JUST ONE MORE HAND

My parents, well my father,
always felt is was necessary
to stop on the way to our summer home
in the Western Adirondacks
to visit Uncle Morris, who may
or may not have been an uncle
in the blood sense, it was never clear.
It was he who sold my father the cottage
near the small lake, he who now
lived in a nursing home  in Schenectady.

Morris was sweet, frail, but still
wanted my father to play 
a couple of hands of pinochle,
which drove my mother crazy,
but she loved the cottage, 
and Morris sold it to them 
for a song to keep it in the family.

I liked watching them play,
never understood the game,
and hated the name Schenectady,
but we’d always go for an early dinner
at the Chinese Buffet across
from the store Morris owned for years.

PARENTHOOD

Two headstones
Name, rank, branch
of service, dates.

One New Jersey, one
Virginia, both Bittle
neither certain.

An email from
another Bittle, never
knew my father

but his was
William, and in
that moment,

James Owen became
a father yet again
and I complete.

And later still
a single picture
he in the back

row and the mirror
agrees that we
are truly family.

BACK IN THE DAY

My uncle and I would sneak away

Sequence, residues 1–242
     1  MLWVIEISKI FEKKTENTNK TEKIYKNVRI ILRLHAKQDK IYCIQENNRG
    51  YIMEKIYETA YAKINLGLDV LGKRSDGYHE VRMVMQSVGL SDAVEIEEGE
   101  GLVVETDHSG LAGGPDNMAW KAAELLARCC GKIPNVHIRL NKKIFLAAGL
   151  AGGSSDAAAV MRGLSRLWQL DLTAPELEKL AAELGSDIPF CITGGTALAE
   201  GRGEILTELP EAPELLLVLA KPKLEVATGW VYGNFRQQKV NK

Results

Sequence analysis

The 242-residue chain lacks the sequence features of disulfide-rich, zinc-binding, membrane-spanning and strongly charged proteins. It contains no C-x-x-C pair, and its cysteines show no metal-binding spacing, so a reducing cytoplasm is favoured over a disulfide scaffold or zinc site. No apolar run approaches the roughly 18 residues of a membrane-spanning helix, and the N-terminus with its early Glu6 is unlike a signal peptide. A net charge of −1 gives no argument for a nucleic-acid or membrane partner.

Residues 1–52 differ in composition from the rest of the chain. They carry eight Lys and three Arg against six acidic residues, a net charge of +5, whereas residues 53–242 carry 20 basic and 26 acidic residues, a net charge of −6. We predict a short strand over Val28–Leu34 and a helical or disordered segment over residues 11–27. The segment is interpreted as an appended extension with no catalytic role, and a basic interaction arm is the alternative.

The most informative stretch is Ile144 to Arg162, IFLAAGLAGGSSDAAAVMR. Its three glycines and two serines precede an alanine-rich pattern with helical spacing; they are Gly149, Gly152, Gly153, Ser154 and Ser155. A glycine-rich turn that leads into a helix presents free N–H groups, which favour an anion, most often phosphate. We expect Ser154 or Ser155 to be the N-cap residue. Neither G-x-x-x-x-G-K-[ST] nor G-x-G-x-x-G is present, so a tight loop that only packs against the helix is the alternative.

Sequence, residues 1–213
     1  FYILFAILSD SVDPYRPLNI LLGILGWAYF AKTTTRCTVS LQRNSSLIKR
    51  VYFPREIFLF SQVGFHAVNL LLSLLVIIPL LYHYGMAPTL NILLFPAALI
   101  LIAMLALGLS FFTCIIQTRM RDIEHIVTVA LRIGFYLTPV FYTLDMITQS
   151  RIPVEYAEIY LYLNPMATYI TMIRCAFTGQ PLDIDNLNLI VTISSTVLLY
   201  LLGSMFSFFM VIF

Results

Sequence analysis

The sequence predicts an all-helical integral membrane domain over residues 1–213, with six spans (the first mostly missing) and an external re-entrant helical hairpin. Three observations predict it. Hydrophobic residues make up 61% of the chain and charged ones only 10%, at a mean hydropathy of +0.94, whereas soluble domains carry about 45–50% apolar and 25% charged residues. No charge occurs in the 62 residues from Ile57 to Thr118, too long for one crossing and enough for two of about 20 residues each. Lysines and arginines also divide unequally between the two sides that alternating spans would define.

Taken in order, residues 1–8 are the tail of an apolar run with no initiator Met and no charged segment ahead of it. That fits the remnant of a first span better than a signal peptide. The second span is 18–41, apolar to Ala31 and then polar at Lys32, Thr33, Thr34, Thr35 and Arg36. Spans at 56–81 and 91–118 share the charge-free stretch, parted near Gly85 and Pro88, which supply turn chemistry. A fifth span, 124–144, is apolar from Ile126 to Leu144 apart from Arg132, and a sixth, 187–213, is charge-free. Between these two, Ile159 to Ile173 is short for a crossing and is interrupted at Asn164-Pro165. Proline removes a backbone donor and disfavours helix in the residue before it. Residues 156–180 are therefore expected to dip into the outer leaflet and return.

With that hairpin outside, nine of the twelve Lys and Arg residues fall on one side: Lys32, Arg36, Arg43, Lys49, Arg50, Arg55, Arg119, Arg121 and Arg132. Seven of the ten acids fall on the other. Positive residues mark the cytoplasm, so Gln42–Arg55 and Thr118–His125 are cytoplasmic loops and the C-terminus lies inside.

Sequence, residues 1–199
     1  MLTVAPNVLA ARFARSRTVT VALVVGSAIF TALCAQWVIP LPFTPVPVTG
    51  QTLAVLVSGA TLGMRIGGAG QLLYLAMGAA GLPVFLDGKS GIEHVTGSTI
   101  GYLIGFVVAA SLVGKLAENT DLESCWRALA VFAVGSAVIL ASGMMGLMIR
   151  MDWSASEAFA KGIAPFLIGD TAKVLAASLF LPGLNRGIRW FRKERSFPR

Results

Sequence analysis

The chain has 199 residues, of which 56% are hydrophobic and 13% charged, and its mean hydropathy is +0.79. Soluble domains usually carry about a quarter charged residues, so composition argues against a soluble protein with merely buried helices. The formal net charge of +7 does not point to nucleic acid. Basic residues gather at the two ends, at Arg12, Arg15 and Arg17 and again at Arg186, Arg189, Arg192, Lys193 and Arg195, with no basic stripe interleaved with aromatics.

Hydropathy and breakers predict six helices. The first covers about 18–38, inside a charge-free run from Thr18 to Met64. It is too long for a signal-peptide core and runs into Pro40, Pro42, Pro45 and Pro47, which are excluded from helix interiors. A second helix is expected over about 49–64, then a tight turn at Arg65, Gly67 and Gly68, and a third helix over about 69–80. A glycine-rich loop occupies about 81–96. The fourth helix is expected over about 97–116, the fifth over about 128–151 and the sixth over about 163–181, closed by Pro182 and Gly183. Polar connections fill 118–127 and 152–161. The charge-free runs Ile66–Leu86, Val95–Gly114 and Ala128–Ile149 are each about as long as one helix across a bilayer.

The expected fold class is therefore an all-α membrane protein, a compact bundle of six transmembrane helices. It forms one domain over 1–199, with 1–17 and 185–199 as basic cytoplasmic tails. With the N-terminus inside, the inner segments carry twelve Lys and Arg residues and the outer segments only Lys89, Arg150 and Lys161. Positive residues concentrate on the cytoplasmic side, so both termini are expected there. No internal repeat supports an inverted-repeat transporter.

from the seemingly endless party,
no one wanted to attend and couldn’t leave.
We go up to my room and turn on the radio.
He’d want to look for the Senators game,
but they’d left town and
no radio could pull in Minneapolis anyway,
but despite Killebrew, Arbitron sealed their fate
and this was Yankees country as well.
I try to pull in C H U M from across the lake.
It played music the local DJs wouldn’t touch,
in which never found their constrictive playlists,
provided by dad’s pal, the local rack jobber
come self-assumed all label A&R man.
Still, Mel would listen with me until he was missed
then try and sneak back to the party, while I
listen Don into the night, hearing songs
I have to hunt for at the record store,
for one thing I knew was that it didn’t
have a section marked Canadian Content Rule.